Jury selection is underway for a Georgia grand jury expected to consider charges against Donald Trump and his allies for attempting to overturn the results of that state’s 2020 presidential election.
Fulton County District Attorney’s Office Fani Willis has led investigations into the former president and his allies for more than two years after Mr Trump pressured state officials to deny the findings.
Ms Willis began investigating Mr Trump shortly after he called Georgia’s Secretary of State Brad Raffensperger, the state’s top election official, urging it to find “11,870 votes” – just enough what then-President Trump needed to get Joe beating Biden in the state.
A special grand jury previously heard testimony from 75 witnesses, including aides and former attorneys for Mr Trump. That jury concluded its report in January with recommendations for prosecutors to file charges that will soon be considered by the newly installed grand jury.
The investigation is one of several facing the former president, who is also the subject of a special investigator investigation by the US Department of Justice into his attempts to undermine the election.
He also faces 37 federal charges for alleged mishandling of dozens of sensitive government documents and has been indicted in New York City on fraud related to hush money payments to cover up potentially damaging stories about his affairs leading up to the 2016 election.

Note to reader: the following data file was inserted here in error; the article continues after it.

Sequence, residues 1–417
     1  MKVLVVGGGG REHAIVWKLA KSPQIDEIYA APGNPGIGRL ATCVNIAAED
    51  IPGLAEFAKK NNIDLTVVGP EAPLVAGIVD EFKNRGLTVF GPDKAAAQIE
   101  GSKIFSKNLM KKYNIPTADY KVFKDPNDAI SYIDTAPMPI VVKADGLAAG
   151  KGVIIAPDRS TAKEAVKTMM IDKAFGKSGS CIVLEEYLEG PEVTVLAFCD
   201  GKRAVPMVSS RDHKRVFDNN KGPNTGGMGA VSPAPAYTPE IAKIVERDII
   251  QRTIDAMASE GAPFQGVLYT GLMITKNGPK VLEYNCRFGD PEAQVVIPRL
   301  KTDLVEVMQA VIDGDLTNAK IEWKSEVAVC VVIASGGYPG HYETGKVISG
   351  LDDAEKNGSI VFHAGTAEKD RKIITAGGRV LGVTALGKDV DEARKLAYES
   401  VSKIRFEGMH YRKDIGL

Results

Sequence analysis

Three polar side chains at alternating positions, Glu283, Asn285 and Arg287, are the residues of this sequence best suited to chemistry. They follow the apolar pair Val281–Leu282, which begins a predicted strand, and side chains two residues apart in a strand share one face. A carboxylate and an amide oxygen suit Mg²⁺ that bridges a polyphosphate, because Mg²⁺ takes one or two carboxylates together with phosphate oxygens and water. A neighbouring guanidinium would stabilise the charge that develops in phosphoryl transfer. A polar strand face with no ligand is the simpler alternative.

Mr. Trump has repeatedly dismissed all charges and investigations against him as political “witch hunts” in multiple jurisdictions and called the Democrat-elected prosecutor in Atlanta, who is black, “racists” and “mad Marxists.”
He has similarly characterized prosecutors in Manhattan, where he was found guilty of sexual assault, faced a $250 million attorney general’s lawsuit, and faced more than 30 counts of falsifying business records.
Ms Willis has previously hinted possible grand jury indictments could come in August.
What’s happening now?
The new Fulton County grand jury, which includes Atlanta and the surrounding suburbs, is expected to begin July 11.
Two panels of judges, selected in a downtown Atlanta courthouse, are composed of 26 contestants each. One of these bodies will deal with the Trump investigation.
Fulton County Superior Court Judge Robert McBurney, who previously served on the special grand jury collecting evidence in the investigation, will preside.
What happened to the special grand jury?
About a year into her investigation, Ms. Willis took the unusual step of requesting a special grand jury to rely on her subpoena powers to compel testimony from witnesses who would otherwise be unwilling to speak to prosecutors.
This special grand jury met in May 2022 and completed its work in January 2022.
The list of witnesses included former White House Chief of Staff Mark Meadows, US Senator Lindsey Graham and former Senator Kelly Loeffler, as well as five members of Mr Trump’s legal team including Rudy Giuliani, Jenna Ellis and the “wrong voter”- Architect John Eastman Other.
In all, the grand jury heard about 75 witnesses before dissolving in January.
On Jan. 24, as a judge heard debate over whether the grand jury’s report should be made public, Ms. Willis said a decision by her office on whether to file criminal charges was “imminent.”